Sutra 3:2 A steady, continuous flow of attention directed towards the same point or region is meditation (Dhyana).


Dharana is characterized by a continuous effort to keep bringing the mind back to the present moment and the object of awareness. In Dhyana, literally translated as meditation, there is no longer an effort. The awareness of the object keeps on flowing steadily and continuously just like a river. When the distractions dissolve and we are able to keep a one-pointed awareness, we automatically settle into a state of meditation. Again we may use any object of awareness in Dhyana that we feel attracted to. A meditative state may occur during a formal meditation session, but also at moments when we least expect it. For example, when a beautiful landscape takes away our breath for a moment and there is a total sense of awe and wonderment, a total absorption into the nature of the landscape, we may see our mind naturally entering into an expanded, peaceful state of consciousness. This state can be called Dhyana. At times, meditation may come so easily and spontaneously, and at other times it may seem impossible. We may keep on falling back into repetitive thinking and old patterns. It is here that faith and acceptance will be our best friends on our spiritual journey. Acceptance is the base, but be aware not to misinterpret it as passiveness. We can often not control what thoughts occur or what state of mind we are in. But we can learn more easily a skillful way on how to deal with these thoughts. And upon whatever we shine the torch of compassion, love, and awareness, that will be transformed into light. So trust that in dark moments of confusion, behind the clouds, the sun is bright! This Sun is the essence of our being, it is an all-knowing and omnipresent consciousness, often speaking in silence. To reveal and experience our infinite, endless nature can be seen as the goal of any meditation practice and it is here that Samadhi begins.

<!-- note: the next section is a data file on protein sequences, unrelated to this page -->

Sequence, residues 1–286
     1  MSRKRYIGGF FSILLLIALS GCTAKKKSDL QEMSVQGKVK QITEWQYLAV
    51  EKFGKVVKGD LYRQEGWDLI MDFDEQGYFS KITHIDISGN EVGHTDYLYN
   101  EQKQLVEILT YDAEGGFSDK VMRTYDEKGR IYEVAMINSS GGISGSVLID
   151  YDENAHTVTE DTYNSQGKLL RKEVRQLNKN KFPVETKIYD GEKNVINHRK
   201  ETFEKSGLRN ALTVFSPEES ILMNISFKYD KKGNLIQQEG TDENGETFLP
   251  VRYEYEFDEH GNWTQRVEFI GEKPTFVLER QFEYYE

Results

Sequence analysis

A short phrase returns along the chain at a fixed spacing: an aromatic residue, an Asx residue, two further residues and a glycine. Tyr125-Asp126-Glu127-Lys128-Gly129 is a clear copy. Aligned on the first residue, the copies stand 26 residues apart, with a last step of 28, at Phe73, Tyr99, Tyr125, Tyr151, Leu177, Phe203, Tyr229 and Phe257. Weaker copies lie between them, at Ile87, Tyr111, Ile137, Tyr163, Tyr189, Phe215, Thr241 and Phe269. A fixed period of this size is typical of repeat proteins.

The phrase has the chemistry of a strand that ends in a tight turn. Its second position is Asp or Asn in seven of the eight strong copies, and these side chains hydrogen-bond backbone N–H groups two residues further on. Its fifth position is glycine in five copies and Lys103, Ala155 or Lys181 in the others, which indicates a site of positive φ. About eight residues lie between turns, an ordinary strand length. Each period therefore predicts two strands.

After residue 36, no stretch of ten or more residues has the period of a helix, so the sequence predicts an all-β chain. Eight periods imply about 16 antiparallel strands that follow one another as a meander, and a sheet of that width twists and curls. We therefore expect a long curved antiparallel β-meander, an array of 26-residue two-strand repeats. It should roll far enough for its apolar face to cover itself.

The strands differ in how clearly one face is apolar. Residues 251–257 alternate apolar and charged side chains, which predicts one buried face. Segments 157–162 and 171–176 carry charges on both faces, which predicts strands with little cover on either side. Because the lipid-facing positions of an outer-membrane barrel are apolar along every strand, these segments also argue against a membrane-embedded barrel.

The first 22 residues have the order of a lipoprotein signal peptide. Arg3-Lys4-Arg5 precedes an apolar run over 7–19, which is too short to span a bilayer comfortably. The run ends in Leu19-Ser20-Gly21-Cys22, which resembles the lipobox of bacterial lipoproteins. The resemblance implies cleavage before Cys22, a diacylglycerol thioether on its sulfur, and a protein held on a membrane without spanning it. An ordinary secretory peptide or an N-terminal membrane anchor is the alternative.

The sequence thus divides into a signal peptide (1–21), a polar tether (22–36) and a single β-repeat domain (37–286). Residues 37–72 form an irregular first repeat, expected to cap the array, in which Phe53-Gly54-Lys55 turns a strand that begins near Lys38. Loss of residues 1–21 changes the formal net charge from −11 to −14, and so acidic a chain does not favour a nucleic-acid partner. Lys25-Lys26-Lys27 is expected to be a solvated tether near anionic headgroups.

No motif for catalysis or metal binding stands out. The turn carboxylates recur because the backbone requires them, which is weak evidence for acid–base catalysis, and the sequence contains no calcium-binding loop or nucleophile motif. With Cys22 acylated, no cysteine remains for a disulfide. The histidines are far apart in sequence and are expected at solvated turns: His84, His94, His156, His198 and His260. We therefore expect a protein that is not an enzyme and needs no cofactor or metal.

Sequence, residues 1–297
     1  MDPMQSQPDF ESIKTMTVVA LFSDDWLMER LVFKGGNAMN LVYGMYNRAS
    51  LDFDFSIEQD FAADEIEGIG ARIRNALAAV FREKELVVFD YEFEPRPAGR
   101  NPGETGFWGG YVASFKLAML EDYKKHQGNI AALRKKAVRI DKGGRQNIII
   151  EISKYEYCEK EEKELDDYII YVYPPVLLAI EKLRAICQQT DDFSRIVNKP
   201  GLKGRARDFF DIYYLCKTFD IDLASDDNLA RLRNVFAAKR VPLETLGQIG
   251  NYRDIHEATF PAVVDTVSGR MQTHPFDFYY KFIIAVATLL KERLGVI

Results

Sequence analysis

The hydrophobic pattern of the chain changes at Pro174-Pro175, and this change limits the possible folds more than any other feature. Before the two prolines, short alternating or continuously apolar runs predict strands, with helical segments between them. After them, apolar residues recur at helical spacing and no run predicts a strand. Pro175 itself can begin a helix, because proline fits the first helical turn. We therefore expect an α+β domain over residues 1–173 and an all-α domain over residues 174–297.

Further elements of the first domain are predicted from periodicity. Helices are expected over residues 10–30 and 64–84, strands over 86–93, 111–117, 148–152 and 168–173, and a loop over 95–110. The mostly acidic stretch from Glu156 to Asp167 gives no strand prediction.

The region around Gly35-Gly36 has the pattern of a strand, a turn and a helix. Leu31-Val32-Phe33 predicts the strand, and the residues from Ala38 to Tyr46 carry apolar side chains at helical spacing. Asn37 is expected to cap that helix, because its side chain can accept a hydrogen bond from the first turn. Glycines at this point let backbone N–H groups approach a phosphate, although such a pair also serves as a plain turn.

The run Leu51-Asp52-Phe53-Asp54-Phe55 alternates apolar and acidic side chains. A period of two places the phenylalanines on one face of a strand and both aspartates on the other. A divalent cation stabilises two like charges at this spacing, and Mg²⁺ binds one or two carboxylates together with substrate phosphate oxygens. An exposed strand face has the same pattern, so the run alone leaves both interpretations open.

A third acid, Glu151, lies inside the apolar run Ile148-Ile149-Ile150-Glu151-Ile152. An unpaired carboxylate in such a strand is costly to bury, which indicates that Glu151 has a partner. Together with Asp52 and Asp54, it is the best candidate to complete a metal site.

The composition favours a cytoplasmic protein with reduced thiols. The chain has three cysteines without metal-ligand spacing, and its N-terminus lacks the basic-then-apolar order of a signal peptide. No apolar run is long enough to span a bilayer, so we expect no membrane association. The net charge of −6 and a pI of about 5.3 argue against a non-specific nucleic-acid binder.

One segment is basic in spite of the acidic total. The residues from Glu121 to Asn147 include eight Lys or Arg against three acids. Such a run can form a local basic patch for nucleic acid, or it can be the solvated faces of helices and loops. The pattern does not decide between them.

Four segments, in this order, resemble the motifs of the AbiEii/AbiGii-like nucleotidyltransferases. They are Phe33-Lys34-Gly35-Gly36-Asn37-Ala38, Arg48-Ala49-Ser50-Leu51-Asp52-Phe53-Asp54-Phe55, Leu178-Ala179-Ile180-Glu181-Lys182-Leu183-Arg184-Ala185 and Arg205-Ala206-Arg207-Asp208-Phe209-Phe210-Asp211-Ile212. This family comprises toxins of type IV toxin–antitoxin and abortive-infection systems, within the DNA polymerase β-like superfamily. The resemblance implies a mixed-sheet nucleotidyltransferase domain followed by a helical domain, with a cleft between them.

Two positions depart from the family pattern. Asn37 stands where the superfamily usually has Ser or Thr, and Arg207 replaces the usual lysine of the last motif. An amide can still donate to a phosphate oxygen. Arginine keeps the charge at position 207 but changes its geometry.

8) Samadhi


Sutra 1:41 The yogi realizes that the knower, the instrument of knowing and the known are one, himself, the seer. Like a pure transparent jewel, (s)he reflects an unsullied purity.



Samadhi is often translated as Trance. It is not a blind unconscious trance. Rather, it is a superconscious state where the inner light fully awakens and illuminates the consciousness. It is ineffable, beyond words and descriptions. In Samadhi, a merging of the seer, seen, and seeing takes place (triputi). Samadhi is the end of duality where only a state of oneness remains. Patanjali names many different stages of Samadhi depending of the nature of the experience. In the first stages of Samadhi there is still a seed of duality, though at the moment of experience, it may seem completely dissolved (Sabija Samadhi). This we can compare with a peak experience where we experience total peace, love, oneness, and grace. After some time, when circumstances change, we may see ourselves falling back into old patterns and a state of separation. This may go on for a long time. But eventually, when all our karma has been worked out and our consciousness is finally freed from ignorance, all seeds will be scorched in the fire of awakening. This is what Patanjali describes as Samadhi without seed (Nirbija Samadhi). It is sometimes associated with the awakening of Kundalini Shakti and results in total freedom. Though Samadhi may be seen as the goal of raja yoga, it is important to focus on what is right here and now with us, rather than trying to grasp some imaginary goal. It is exactly this grasping mind that hinders us from being free.


Conclusion


Yoga and meditation are inseparable from each other. People practice yoga for different reasons. But even when you wouldn't feel inclined towards a spiritual life, or if you have too many responsibilities and duties in life to dedicate yourself to long daily practices, your yoga will become much more efficient and enjoyable by infusing it with the serenity of a meditative attitude. And you may have increased benefits from your yoga practice by simply staying at the end of practice for 5 minutes in a seated meditation posture, focusing on the breath or simply on a sense of being, radiating from the heart,


In loving service, and gratitude to the Yogic tradition

Floris